Litchfield County, Connecticut
Litchfield, county town. This is the largest and most elevated county in the state. The surface is hilly and in some parts mountainous. The soil is chiefly a gravelly loam, under good cultivation, and very productive of butter, cheese, beef and pork. It abounds in iron ore, which is extensively manufactured. This county contains an area of 885 square miles. Population, 1820, 41,467; 1830, 42,855; containing 48 inhabitants to a square mile. This county is watered by numerous ponds, by the beautiful Housatonick, and by many rivers rising in the high grounds. The streams give a valuable water power, and flourishing manufacturing establishments are found in almost every town. The number of sheep in this county, in 1837, was 73,832. Litchfield county was incorporated in 1751. It is bounded N. by Berkshire county, Mass., E. by Hartford and New Haven counties, S. by the counties of New Haven and Fairfield, and W. by the state of New York.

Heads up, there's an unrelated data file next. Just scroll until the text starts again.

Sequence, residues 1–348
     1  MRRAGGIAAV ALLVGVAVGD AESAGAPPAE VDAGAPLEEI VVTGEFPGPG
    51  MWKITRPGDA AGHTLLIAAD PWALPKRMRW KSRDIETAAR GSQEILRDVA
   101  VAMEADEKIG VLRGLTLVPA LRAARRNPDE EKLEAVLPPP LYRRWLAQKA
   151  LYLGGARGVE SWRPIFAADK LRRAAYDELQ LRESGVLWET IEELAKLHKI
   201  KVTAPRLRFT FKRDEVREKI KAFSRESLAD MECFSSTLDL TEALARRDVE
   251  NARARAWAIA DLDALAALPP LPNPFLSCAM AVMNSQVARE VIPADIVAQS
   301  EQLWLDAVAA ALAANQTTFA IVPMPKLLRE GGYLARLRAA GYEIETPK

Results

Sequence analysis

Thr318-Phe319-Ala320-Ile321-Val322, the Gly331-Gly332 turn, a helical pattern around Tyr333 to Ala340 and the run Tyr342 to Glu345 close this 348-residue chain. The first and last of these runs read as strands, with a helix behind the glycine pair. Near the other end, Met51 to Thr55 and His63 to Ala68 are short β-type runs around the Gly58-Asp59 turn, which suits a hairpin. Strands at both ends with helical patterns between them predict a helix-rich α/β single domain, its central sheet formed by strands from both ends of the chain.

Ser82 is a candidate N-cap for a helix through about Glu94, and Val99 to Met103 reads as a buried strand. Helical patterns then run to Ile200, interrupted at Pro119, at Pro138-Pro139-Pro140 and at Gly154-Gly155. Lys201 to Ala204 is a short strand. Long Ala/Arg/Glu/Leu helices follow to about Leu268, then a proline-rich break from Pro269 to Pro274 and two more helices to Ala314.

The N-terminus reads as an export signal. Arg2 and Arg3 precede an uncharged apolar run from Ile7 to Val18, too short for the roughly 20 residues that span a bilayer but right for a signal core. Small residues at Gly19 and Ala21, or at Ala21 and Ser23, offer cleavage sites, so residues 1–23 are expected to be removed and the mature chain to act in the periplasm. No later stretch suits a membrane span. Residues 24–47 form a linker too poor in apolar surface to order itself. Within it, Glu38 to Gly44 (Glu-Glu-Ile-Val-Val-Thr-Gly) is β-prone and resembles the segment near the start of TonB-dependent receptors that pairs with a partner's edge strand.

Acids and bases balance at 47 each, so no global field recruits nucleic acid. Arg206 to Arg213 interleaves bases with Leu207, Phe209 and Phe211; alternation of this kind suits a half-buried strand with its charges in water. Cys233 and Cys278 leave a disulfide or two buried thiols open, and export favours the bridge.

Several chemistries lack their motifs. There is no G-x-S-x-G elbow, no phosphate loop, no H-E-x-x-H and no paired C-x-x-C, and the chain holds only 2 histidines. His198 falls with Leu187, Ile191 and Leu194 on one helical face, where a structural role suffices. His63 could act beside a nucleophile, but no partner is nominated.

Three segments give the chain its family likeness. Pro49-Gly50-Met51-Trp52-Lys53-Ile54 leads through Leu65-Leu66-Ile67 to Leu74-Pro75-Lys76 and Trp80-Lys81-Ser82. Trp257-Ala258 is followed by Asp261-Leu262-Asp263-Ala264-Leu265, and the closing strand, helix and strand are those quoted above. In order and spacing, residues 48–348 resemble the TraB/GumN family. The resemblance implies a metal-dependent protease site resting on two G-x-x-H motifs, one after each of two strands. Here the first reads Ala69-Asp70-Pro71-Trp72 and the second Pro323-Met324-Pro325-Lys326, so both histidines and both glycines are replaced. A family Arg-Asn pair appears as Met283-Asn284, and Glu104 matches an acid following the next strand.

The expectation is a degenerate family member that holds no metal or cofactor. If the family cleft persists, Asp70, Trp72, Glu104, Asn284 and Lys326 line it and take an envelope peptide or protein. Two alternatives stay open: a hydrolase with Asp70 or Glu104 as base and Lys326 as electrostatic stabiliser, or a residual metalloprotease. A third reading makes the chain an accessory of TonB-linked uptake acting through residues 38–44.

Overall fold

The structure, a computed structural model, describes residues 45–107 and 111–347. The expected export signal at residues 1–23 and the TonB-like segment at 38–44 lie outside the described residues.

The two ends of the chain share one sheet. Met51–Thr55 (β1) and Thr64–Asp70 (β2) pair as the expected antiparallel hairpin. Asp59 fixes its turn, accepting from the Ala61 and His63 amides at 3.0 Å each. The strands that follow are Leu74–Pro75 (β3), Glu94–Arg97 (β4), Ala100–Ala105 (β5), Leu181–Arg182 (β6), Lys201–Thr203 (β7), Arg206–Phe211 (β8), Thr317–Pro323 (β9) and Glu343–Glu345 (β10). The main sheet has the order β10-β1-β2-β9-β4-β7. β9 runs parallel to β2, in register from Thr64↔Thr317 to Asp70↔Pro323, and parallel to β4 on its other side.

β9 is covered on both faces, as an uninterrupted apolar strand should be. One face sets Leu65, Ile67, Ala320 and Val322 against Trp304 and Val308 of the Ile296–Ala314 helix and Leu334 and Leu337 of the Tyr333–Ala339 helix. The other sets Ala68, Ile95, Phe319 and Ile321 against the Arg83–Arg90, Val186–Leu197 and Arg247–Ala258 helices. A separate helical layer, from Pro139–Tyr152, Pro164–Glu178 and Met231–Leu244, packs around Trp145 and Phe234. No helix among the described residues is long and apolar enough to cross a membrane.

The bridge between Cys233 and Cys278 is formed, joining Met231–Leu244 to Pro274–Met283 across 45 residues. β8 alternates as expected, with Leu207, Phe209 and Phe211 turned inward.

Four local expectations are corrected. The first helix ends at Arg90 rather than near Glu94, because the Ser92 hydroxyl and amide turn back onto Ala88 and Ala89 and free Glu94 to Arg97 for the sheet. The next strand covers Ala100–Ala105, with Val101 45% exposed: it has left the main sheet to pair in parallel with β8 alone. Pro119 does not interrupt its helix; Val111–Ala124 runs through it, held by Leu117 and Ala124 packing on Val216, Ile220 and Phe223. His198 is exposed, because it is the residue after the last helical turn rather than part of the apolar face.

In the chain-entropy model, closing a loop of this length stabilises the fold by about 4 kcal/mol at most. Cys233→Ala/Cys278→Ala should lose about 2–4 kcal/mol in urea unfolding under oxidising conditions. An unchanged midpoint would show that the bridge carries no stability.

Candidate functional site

¶ In more modern times, small deposits of gold have been found in several streams in Litchfield County.